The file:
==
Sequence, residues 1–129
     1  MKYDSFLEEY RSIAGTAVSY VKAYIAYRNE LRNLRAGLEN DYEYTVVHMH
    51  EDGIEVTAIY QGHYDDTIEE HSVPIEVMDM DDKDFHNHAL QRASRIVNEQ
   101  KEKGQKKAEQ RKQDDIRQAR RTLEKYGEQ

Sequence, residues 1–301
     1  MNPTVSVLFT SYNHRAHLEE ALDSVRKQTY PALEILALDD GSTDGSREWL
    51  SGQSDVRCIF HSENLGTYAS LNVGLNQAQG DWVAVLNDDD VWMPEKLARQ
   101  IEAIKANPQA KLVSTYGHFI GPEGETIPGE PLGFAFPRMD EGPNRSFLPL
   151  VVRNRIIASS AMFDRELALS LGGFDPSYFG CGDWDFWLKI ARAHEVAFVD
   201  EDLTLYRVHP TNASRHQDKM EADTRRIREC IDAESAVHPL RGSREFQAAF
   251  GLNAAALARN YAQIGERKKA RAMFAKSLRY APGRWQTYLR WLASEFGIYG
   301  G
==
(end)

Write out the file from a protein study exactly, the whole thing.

Sequence, residues 1–129
     1  MKYDSFLEEY RSIAGTAVSY VKAYIAYRNE LRNLRAGLEN DYEYTVVHMH
    51  EDGIEVTAIY QGHYDDTIEE HSVPIEVMDM DDKDFHNHAL QRASRIVNEQ
   101  KEKGQKKAEQ RKQDDIRQAR RTLEKYGEQ

Sequence, residues 1–301
     1  MNPTVSVLFT SYNHRAHLEE ALDSVRKQTY PALEILALDD GSTDGSREWL
    51  SGQSDVRCIF HSENLGTYAS LNVGLNQAQG DWVAVLNDDD VWMPEKLARQ
   101  IEAIKANPQA KLVSTYGHFI GPEGETIPGE PLGFAFPRMD EGPNRSFLPL
   151  VVRNRIIASS AMFDRELALS LGGFDPSYFG CGDWDFWLKI ARAHEVAFVD
   201  EDLTLYRVHP TNASRHQDKM EADTRRIREC IDAESAVHPL RGSREFQAAF
   251  GLNAAALARN YAQIGERKKA RAMFAKSLRY APGRWQTYLR WLASEFGIYG
   301  G